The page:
According to reports, the World Bank plans to invest $775 million in clean-energy projects across India, even as it expects that the new government’s plan to give fiscal and policy support to the sector will galvanise further investment in renewable energy.
“The support shown by the new government towards clean energy is quite encouraging and is expected to give the much-needed push to the sector and unlock pending investments,” said Ashish Khanna, lead energy specialist at the multilateral funding institution.
“The World Bank is ready to partner with the government in scaling up sustainable clean energy investments.”
Minister for Power, Coal and Renewable Energy Piyush Goyal recently said that the potential and scope of renewable sources were a part of the government’s vision for ensuring energy security.
Narendra Taneja, national convener of the BJP’s energy cell, told ET earlier that the ruling party “strongly believes that renewable energy will play a pivotal role in bringing power to every household in the country”.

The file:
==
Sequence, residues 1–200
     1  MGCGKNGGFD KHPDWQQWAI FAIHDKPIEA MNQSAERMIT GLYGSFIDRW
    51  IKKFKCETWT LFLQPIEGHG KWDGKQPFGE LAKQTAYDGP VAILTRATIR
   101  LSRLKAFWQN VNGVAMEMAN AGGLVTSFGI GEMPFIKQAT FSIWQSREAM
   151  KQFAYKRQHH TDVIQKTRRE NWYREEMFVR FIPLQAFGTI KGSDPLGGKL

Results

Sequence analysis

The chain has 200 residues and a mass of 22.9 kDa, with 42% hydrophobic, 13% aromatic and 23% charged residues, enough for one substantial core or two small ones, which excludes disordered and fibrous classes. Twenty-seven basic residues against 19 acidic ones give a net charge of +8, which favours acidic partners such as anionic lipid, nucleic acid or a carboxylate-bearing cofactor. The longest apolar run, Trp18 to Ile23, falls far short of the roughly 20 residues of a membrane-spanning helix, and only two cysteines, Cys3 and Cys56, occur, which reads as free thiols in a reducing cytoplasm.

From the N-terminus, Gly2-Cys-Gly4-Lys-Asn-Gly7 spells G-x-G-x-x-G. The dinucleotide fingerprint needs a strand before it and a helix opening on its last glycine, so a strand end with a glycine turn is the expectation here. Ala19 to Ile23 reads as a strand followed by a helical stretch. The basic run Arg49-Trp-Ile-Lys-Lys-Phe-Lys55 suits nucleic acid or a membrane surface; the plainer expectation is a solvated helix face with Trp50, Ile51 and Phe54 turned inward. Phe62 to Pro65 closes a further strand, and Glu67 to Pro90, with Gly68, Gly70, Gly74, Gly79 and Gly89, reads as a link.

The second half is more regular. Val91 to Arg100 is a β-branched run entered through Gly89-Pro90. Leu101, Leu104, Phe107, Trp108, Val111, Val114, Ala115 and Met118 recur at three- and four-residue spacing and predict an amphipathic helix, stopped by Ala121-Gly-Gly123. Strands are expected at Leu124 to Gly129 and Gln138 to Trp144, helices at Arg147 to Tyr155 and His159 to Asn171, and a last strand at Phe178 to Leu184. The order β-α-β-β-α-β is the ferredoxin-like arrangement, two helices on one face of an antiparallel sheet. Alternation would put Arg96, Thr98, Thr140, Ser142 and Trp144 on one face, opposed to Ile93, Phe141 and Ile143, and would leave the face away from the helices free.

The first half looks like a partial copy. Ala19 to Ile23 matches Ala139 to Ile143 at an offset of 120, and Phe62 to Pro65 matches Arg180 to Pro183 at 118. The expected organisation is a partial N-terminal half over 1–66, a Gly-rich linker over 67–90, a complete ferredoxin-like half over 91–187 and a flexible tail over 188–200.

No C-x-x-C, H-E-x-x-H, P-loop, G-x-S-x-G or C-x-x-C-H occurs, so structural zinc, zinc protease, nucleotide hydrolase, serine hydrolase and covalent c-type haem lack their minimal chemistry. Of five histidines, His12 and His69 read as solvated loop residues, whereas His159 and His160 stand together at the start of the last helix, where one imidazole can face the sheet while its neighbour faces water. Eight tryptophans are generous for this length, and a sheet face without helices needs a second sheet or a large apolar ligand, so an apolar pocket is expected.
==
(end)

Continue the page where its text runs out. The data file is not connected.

India’s clean-energy sector has attracted interest of international investors. Recently, companies such as Welspun Energy and Renew Power saw investment from General Electric, Asian Development Bank and Goldman Sachs.
Gevorg Sargsyan, programme manager for climate investment fund at the bank, said it had approved two projects for investment – a $100 million Himachal Pradesh development policy loan and the $200 million Rajasthan renewable energy transmission investment programme implemented by the Asian Development Bank.
According to the World Bank, the climate investment fund provides middle-income countries with highly concessional resources to explore options to scale up the demonstration, deployment and transfer of low-carbon technologies in renewable energy, energy efficiency as well as sustainable transport.
India has substantially increased its share of clean-energy projects, said Khanna. But, in order to achieve the targets of its own national solar mission, the government must provide long-term clarity in policy, regulations and financial support mechanisms and encourage sustained commercial lending from financial institutions, he added.